This as a subplot with Mac’s senior producer and comrade Jim develops, including Will’s departing EP (Don, positioned as status quo douchebag) and personal assistant or associate producer Maggie (whom Don has apparently been dating for four months and they’re haggling over meeting her parents.) Then the oil rig explodes, and the place feels alive and clicking, a newscast takes place with fun, snappy stuff (and a voice cameo by Jesse Eisenberg, because that’s how Sorkin and director Greg Mottola, who directed the actor in Adventureland, roll) as NewsNight gets out in front on the environmental disaster end before anyone else because of Jim’s sources.
Part of the show’s problem is that Sorkin decided to work with real things that happened rather than create some of his own. This makes it easier for him to expound upon how the coverage SHOULD have been instead of explain or satirize how journalistic coverage is shaped. It’s real, real easy to Monday morning quarterback TV news coverage two years after the fact; the difficulty for this series will be convincingly explaining why coverage is the way it is. Sorkin already has his answer. In his eagerness to club us with his big ideas, he’s forgotten a few things:
You have to show and tell. Sorkin is presuming we agree with him and dispensing with earning our rhetorical trust.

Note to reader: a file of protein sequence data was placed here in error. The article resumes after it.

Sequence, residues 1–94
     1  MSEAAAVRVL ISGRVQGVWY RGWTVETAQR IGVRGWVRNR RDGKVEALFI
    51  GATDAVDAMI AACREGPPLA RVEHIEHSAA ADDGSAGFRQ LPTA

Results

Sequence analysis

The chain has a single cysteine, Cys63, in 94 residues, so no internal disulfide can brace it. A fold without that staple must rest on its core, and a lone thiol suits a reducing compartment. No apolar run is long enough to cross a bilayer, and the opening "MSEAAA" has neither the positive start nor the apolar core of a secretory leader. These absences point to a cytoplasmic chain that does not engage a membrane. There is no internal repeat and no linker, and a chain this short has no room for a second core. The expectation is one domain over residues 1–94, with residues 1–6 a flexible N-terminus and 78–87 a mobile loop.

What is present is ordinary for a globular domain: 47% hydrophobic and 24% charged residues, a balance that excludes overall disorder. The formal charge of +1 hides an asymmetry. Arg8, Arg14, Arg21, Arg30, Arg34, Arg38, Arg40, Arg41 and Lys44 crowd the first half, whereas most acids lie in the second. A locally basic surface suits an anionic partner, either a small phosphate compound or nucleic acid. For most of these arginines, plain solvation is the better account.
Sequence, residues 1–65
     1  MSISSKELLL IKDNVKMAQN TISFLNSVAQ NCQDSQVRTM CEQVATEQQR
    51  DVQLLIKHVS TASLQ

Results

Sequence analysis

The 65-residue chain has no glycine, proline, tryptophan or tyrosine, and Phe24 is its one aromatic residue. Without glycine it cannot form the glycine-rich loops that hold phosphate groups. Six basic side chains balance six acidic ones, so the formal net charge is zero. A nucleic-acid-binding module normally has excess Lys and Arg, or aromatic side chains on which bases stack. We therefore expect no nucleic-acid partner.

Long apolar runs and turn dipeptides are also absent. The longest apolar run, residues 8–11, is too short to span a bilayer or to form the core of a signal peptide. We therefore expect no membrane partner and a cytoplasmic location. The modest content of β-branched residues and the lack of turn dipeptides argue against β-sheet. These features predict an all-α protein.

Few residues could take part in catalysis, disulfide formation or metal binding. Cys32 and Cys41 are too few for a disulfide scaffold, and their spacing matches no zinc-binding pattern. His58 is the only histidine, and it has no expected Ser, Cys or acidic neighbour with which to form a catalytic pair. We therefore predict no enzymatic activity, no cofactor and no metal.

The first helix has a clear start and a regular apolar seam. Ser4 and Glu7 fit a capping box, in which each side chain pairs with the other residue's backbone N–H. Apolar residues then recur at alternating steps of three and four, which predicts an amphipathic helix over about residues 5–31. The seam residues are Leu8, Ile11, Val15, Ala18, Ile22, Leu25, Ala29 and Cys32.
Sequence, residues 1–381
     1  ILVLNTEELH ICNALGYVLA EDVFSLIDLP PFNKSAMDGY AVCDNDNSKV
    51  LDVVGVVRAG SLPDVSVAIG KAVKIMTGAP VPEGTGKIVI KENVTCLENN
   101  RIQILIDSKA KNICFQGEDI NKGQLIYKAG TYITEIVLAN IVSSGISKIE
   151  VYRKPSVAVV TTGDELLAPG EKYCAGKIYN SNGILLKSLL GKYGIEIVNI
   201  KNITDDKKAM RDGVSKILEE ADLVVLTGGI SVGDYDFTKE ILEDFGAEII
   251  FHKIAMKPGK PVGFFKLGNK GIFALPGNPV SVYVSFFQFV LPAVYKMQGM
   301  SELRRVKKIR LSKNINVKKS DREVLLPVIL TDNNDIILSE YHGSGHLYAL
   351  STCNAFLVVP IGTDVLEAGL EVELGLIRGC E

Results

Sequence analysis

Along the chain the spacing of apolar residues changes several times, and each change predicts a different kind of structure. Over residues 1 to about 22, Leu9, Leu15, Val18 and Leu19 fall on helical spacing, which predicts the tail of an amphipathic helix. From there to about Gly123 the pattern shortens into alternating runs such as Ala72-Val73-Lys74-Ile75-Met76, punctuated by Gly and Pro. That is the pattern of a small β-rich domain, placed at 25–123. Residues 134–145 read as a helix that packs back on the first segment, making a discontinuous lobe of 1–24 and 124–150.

Conversely, while it may be fun to write such speeches about the Obligations, Death, and Revival of True Journalism — it’s really fucking dull to watch. Especially because the people most likely to watch this show already get the points Sorkin wants to make!
He’s in thrall to nostalgia of a shared understanding and American consensus. Considering the numerous people who were very much disenfranchised during this earlier “consensus,” it calls into question just how much, really, we put stock into the avuncular presences of Cronkite and Murrow. But the title credits will give a very good sense that Sorkin is wedded to that idea as credible.
Considering Sorkin wrote a movie about Facebook, it seems very, very odd that he would not realize that social media is a huge part of how people (ESPECIALLY PROFESSIONAL JOURNALISTS!) consume news! Waterston’s character is rambling at a web person in the newsroom to Tweet something about how wonderful off-the-cuff news programming is but his spiel doesn’t fit 140 characters. The only acknowledgement the new world of media gets is Dev Patel’s Neal, who writes the show’s blog but no one can remember his name, so they go for stereotypes. The reason why the “Great Man” is dead is because there are too many news sources to place all your trust in just one of them.
Seriously, no one in an actual newsroom speaks in that alternating flowing-yet-clipped way that Sorkin has many of them speak in, not normally or without a script.
Mac’s behavior with Will where she taunts him before the show is entirely and completely unprofessional. “From eight to nine, I own you” sounds nice, but that would get someone disciplined quickly.